High School the Musical, produced by Tim Federle, is the newest musical comedy series on Broadway. Set in the quiet confines of East High School, the musical offers members of the drama team and their school administrators a chance to put on the show they have been waiting for. New romances are tested, new friendships are forged, and old relationships are changed forever when these young people discover the transformative power that just high school theatre can deliver.
Backstage in the student union, the new faces of the High School the Musical are being introduced. Cate Blanchett as spirited virgin beauty Ms. Leading will soon be joined by Brandine Parente as the poised but wild Rachel Berry, and Danny Zuko as David Hasselhoff’s dimwitted Prefect Eric. Rachel Berry always seemed like she had the part for her when it was simply a matter of getting in there and doing her lines. Now, in this production, she gets to shine as the actress who deserves the lead role.
It is easy to identify with Ms. Leading as she is the exact opposite of her brother Rico. As Coco, she is sensitive and quick thinking, yet at the same time has a surprising depth to her character that makes her seem like a true original. She is caring but not sentimental, smart but not a know-it-all, and outgoing but not obnoxious. Her brother on the other hand, Rico, is more of a risk-taker. He is a loner who dreams of being a hit singer but has trouble coming to grips with the fact that his dream might not come true.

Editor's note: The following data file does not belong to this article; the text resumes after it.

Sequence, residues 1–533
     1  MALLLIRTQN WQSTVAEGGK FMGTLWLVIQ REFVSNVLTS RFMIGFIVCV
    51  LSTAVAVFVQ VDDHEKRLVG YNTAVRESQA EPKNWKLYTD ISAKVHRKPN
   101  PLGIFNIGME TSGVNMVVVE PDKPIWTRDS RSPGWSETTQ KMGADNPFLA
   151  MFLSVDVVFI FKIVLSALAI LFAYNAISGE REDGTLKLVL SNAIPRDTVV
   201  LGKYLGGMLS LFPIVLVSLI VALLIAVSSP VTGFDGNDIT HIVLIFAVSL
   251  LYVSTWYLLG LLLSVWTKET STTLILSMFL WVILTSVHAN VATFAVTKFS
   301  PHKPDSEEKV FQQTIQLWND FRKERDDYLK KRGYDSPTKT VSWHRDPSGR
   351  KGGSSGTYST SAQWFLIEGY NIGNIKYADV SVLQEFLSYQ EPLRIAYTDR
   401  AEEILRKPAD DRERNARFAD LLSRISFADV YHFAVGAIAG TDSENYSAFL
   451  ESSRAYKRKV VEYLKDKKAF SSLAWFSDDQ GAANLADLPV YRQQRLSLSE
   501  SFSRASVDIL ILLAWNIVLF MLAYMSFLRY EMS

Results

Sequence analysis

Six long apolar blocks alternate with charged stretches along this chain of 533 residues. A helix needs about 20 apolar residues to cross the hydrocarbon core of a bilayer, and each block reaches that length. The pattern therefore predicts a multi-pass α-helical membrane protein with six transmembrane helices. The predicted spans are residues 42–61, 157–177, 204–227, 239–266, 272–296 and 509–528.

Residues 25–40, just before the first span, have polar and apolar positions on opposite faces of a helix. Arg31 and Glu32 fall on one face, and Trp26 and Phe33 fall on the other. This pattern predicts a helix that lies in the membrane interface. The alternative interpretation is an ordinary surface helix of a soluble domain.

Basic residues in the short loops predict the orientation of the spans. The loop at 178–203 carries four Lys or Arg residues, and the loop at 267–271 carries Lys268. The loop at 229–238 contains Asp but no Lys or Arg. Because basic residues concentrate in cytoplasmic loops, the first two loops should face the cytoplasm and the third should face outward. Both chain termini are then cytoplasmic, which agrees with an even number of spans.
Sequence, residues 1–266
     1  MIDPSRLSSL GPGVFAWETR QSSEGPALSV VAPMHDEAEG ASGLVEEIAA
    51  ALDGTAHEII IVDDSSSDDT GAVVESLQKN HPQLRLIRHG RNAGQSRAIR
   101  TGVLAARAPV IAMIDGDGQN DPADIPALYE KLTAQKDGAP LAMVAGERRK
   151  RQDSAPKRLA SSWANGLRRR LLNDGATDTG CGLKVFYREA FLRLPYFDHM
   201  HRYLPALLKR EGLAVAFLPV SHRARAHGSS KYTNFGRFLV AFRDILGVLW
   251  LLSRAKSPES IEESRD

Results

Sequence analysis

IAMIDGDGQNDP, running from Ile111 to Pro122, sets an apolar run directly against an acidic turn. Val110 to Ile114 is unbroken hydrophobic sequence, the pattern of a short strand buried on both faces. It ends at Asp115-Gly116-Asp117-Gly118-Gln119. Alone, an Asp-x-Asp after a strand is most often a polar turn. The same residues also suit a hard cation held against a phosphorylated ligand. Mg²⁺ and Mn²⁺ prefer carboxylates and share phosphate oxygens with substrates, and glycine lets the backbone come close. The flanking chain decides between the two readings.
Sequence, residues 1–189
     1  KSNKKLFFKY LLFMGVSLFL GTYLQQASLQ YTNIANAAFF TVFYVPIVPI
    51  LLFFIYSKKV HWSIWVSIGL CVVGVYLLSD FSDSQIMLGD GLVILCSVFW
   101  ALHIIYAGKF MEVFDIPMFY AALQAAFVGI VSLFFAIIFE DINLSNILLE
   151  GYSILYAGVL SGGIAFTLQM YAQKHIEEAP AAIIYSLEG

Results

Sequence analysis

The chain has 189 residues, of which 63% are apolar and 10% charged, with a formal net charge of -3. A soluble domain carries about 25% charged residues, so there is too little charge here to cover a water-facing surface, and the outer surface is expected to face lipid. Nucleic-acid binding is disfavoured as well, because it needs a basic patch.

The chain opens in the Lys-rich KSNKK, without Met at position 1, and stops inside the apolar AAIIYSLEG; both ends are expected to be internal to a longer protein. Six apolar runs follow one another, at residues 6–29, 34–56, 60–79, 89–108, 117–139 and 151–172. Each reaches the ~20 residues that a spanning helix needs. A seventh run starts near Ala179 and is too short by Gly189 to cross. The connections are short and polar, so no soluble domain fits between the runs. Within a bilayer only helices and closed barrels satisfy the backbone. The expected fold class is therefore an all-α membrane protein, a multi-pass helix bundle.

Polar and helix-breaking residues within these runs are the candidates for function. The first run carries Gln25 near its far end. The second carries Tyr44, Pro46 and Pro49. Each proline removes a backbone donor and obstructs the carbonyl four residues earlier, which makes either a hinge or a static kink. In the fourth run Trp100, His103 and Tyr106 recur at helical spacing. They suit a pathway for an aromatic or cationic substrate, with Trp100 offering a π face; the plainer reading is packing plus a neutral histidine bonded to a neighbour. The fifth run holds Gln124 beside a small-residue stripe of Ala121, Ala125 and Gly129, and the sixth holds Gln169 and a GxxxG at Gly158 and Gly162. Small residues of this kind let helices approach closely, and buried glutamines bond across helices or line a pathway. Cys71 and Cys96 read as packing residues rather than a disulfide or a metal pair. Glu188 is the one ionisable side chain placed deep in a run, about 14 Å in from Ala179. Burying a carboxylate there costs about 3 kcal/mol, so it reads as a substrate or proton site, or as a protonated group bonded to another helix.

The central romance between Rachel and Rico is the highlight of the show. They have undeniable chemistry together and it shows through in the song ‘Daddy Don’t Live Here.’ This special moment in the show is a timely reminder that there are many different kinds of families, and each has its own individual strengths, weaknesses, and needs. What these siblings have is a real big red flag about not all being able to live up to these strong bonds.
Throughout the series, there are moments when we really get to recognize some of the classic children’s songs. One of these songs is a beautiful introduction to the story as it is sung by Danny Zuko (yes, the same guy who did Fiddler on the Roof and Mulan). It is a very sweet and romantic moment that captures both the audience and the central character, which makes it a very memorable moment in the musical.
Differences in the Musical
Then, when you’re watching the movie the next day, you notice something else that makes this musical different for its audience: the Carlos that Rosario Rose (John Bon Jovi) loves to drive around in. These cars just feel cool to watch and they’ve become a big part of Rosario’s character in the film. It helps create that fantasy romance for the heroine but also helps keep her grounded in real-world dynamics.